Clerk Provides Home Rule Information

By Audrey Gilpin, Deputy City Clerk

After years of hearing citizens and previous city councils inquire about home rule, the current Salida City Council made it a priority to explore the possibility of Salida adopting a home rule charter.

On September 18, council passed, upon second reading, Ordinance 2012-12, initiating the adoption of a home rule charter and providing for the election of charter commission members. In the ordinance, councilmen called for a special election to be held January 15, 2013. The voters shall cast ballots for or against forming the charter commission and electing charter commission members.

Please plan to attend an informational meeting at 6 p.m. October 9 at the Salida High School Auditorium presented by Sam Mamet, director of the Colorado Municipal League. Mamet will speak of both the pros and cons of home rule, answer questions and explain how home rule may or may not be the preferred direction for Salida’s citizens.

The important thing to remember is city council and staff has a very limited role in the home rule process. Council calls for the home rule charter commission election and determines how many members the commission has – the election is January 15, 2013 and the commission will have 11 members. As staff, our job is to provide educational materials and hold the election.

Currently, there are 100 Colorado communities with home rule charters, and no community in the state has ever decided to go back to being a statutory city or town. Some home rule communities include Alamosa, Basalt, Breckenridge, Canon City, Carbondale, Denver, Durango, Fort Collins, Fruita, Gunnison, Lone Tree, Loveland, Manitou Springs, Pagosa Springs, Rifle, Telluride and Woodland Park. List of Home Rule Municipalities.

A home rule charter is created by and for residents of the municipality – it’s your charter. The charter proposed by the charter commission (if voters choose to elect a charter commission Jan. 15, 2013), will be approved or disapproved by citizens during a special election in the summer of 2013 – not by the city council. If a home rule charter is approved, it will serve as the council’s governing document. Example charters: Centennial’s Charter, Silt’s Charter, Hayden’s Charter, Cedaredge’s Charter.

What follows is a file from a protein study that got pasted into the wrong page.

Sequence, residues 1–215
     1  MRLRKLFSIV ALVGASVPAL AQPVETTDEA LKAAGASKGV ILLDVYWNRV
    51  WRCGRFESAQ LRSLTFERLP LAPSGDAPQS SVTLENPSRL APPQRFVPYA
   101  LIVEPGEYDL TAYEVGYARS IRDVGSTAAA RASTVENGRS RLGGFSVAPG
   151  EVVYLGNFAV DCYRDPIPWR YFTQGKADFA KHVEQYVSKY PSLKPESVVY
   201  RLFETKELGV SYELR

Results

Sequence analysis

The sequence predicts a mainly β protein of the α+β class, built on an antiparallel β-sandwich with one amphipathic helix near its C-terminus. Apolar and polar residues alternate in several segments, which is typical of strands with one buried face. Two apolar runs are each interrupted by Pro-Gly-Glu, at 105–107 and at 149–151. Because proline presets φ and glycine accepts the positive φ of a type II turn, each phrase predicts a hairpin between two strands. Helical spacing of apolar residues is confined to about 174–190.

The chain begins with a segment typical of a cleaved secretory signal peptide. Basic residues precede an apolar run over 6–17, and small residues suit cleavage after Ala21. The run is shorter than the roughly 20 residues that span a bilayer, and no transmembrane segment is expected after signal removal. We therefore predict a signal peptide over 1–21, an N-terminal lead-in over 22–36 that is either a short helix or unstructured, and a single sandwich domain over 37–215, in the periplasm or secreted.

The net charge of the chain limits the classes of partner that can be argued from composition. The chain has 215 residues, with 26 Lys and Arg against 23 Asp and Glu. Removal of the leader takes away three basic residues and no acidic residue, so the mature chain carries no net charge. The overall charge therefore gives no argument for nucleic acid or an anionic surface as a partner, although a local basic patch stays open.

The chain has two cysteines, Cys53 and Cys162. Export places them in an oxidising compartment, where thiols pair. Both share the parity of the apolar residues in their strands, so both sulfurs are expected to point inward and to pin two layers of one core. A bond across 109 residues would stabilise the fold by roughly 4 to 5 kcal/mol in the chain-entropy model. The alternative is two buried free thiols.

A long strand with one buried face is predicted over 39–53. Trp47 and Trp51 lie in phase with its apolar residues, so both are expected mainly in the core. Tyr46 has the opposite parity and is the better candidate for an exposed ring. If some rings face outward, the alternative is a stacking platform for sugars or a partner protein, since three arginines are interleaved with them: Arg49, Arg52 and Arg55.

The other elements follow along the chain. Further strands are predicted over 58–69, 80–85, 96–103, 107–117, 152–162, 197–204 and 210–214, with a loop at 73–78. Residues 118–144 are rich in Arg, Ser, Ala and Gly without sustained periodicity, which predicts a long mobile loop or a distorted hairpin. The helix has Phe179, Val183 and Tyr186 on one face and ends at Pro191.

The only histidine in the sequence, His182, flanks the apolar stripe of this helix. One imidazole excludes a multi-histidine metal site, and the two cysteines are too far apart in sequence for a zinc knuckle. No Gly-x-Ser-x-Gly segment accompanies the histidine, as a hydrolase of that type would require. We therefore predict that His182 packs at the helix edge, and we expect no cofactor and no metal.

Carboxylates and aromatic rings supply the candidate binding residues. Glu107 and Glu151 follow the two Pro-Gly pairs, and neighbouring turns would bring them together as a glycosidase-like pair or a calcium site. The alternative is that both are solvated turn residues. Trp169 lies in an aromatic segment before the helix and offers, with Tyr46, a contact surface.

A home rule charter could expand or contract the number and types of elected offices, have the mayor be elected at large or from council; provide flexibility as to the city council being elected at-large, by wards (what we currently do), or by a combination of at-large and by districts; can set the number of council members; can modify or eliminate term limits; provide flexibility or clarification in terms of quorum and voting requirements for council; set forth additional or more specific ethics and conflict of interest provisions. Further, a home rule charter could allow city collection and enforcement of sales taxes, which could mean faster collections and local audits.

Home rule in no way overrides the provisions of Amendment I (TABOR), which requires new taxes, as well as taxes resulting in an increase in revenue above defined limits, are subject to a vote of the people.

The City website,, has examples of home rule charters from other municipalities, election information and other informative materials on home rule. Sam Mamet’s presentation on Oct. 9 will be invaluable in learning more about home rule. Please attend.

Nomination petitions will be available October 8 at City Hall. January 15, 2013 Timeline.

Please call 530-2630 for more information.